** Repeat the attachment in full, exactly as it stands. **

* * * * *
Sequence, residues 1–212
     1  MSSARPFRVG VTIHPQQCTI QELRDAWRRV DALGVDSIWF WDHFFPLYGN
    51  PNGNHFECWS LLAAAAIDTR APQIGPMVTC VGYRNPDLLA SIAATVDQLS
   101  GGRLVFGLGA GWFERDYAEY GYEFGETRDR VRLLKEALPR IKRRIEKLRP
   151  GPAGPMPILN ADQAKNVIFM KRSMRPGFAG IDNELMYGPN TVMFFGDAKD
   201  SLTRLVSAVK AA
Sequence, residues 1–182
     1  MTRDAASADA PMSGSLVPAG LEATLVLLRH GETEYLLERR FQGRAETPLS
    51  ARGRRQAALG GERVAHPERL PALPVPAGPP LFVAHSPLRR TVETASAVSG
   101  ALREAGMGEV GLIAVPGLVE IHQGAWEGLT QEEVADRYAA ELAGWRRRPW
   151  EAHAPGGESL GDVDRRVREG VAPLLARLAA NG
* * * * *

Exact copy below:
Sequence, residues 1–212
     1  MSSARPFRVG VTIHPQQCTI QELRDAWRRV DALGVDSIWF WDHFFPLYGN
    51  PNGNHFECWS LLAAAAIDTR APQIGPMVTC VGYRNPDLLA SIAATVDQLS
   101  GGRLVFGLGA GWFERDYAEY GYEFGETRDR VRLLKEALPR IKRRIEKLRP
   151  GPAGPMPILN ADQAKNVIFM KRSMRPGFAG IDNELMYGPN TVMFFGDAKD
   201  SLTRLVSAVK AA
Sequence, residues 1–182
     1  MTRDAASADA PMSGSLVPAG LEATLVLLRH GETEYLLERR FQGRAETPLS
    51  ARGRRQAALG GERVAHPERL PALPVPAGPP LFVAHSPLRR TVETASAVSG
   101  ALREAGMGEV GLIAVPGLVE IHQGAWEGLT QEEVADRYAA ELAGWRRRPW
   151  EAHAPGGESL GDVDRRVREG VAPLLARLAA NG